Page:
ISSN (Print) - 0012-9976 | ISSN (Online) - 2349-8846

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Spatial Effects of COVID-19 Transmission in Mumbai

This article is on the spread of the coronavirus pandemic in the city of Mumbai with the pandemic considered as a local public bad with spillover effects across the wards of the city. Spatial econometric techniques are used to model these spillovers using both cross-section as well as panel data. The main conclusion of the article is that the significant spatial spillover effect across the wards of the city is likely to make the exit from the enforced lockdown a major challenge.

The ongoing COVID-19 pandemic, while causing much tragedy and distress, has, at the same time, spawned a lot of research in diverse areas. In fact, apart from research in epidemio­logy the WHO (2020) lists a staggering number of research papers on COVID-19 in a variety of disciplines in the last few months. Much of the research in the Indian context has focused on the devastating effects of the lockdown imposed by the Government of India from 24 March 2020 onwards (Kannan 2020; A Kumar 2020; Roy 2020). Another line of enquiry has focused on the spread of COVID-19 across the country. Almost all of these papers are still in a pre-publication form given the limited time available, and very few papers, if at all, have gone through any refereeing process (Singh and Adhikari 2020; Simha et al 2020; S Kumar 2020 and Pujari and Shekatkar 2020).

The characteristics of the COVID-19 pandemic suggest that there is much that one can draw from the literature in the theory of public goods. The classic reference here is, of course, Samuelson (1954) but the main results are well discussed in Atkinson and Stiglitz (1980) and also in Gruber (2013). The typical characteristics of a pure public good are (i) non-rivalry in consumption or equal consumption for all, and (ii) inability to exclude non-paying individuals from the benefits of the good. Since we are dealing with a pandemic that delivers negative benefits, its characteristics have to be carefully understood. Hence, what we are dealing with is not a public good but a public bad. However, the first characteristic of a public good still applies: one person suffering from the disease does not prevent other persons from “consuming” the disease at the same point of time. The COVID-19 is not used up when it afflicts one person and an additional person can be infected without reducing the opportunity for anyone else to be infected. In the public goods literature this is called additional provision at zero marginal cost (Oakland 1987). The second characteristics of non-exclusion has to be understood differently in the case of a public bad. An individual can exclude themselves from the negative benefits of a public bad only at a great cost like by installing air purifiers to improve the air quality at home. In the case of a pandemic, such measures include social distancing and lockdowns that are being currently enforced in many countries.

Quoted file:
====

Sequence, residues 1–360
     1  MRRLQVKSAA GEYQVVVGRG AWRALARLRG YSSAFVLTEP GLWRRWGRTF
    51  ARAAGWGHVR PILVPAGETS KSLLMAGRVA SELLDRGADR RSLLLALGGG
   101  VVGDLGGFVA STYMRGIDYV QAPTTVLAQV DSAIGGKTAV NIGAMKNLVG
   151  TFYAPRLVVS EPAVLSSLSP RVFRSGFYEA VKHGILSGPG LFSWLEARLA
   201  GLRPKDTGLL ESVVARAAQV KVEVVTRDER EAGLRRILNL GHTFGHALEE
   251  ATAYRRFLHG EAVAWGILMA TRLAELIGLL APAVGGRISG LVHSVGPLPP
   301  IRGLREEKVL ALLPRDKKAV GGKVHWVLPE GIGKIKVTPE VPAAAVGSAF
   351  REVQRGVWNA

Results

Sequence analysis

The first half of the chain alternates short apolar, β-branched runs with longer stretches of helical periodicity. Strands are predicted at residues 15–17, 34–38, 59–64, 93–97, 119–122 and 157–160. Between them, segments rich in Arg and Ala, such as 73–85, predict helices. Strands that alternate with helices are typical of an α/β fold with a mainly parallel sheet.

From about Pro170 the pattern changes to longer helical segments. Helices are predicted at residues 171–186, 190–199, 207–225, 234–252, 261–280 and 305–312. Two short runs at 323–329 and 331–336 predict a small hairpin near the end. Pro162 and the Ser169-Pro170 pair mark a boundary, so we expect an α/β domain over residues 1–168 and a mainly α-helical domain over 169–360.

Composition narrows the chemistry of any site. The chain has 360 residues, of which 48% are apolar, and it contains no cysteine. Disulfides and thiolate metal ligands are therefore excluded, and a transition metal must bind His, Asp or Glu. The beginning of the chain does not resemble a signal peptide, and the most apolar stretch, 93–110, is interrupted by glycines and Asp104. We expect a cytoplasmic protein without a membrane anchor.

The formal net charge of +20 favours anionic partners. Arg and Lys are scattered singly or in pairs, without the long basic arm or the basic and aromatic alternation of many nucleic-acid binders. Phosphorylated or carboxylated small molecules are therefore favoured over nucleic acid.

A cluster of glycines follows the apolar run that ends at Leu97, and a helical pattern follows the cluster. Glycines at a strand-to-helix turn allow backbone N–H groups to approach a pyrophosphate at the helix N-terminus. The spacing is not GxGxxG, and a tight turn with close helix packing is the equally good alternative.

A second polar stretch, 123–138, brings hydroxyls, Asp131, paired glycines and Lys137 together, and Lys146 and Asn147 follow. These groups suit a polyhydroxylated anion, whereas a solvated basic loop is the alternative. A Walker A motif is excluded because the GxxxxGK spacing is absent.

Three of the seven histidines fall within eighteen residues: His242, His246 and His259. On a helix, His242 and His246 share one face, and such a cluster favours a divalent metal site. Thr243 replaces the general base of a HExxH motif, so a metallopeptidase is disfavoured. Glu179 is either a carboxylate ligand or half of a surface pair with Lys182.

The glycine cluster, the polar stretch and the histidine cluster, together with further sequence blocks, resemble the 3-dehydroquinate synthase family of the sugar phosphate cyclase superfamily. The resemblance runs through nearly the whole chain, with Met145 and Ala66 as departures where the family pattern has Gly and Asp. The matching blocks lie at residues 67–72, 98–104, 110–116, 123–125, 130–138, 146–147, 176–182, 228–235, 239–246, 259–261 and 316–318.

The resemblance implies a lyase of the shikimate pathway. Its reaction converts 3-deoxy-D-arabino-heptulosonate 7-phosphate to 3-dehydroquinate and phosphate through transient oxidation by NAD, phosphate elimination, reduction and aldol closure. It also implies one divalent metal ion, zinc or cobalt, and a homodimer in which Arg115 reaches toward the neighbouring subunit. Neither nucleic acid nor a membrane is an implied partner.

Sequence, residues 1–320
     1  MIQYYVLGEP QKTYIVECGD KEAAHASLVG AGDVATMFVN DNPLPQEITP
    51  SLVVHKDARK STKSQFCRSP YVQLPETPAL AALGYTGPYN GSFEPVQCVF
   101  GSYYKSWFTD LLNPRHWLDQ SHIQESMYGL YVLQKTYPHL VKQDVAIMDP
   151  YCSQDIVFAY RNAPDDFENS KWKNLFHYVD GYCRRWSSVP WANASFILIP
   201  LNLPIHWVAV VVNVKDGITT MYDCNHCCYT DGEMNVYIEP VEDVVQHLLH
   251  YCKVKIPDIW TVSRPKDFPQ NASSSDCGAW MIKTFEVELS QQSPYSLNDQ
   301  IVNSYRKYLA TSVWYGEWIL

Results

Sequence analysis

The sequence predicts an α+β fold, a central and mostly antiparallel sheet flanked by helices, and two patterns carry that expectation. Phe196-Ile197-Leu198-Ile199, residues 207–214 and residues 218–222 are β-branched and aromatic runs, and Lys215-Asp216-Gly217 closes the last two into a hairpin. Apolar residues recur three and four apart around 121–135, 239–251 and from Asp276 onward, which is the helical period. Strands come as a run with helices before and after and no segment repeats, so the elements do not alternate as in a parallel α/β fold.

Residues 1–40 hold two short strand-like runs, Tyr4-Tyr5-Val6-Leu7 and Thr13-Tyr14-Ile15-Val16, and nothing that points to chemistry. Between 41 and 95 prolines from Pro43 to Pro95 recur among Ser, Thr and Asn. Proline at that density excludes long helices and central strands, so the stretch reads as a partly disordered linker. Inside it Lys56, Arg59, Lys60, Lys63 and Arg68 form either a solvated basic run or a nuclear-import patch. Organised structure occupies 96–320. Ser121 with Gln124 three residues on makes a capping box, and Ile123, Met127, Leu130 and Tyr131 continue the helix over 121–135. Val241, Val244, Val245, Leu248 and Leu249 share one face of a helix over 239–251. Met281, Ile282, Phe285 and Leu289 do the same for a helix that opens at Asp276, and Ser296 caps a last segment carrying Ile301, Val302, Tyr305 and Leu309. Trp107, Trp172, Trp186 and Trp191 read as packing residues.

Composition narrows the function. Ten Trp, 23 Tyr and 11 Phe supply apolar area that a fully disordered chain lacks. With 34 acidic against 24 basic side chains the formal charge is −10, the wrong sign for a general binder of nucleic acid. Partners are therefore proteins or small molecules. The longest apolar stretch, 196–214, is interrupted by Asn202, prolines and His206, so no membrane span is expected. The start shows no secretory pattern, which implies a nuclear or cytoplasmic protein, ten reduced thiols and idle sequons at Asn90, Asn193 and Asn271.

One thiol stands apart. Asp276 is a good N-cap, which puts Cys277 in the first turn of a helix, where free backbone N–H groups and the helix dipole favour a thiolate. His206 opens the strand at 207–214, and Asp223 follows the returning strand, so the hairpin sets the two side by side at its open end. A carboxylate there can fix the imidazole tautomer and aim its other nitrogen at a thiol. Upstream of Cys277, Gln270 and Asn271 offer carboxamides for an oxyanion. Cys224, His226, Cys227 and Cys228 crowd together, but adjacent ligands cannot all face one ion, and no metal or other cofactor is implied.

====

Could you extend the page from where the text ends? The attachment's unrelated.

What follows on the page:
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Updated On : 24th Dec, 2020
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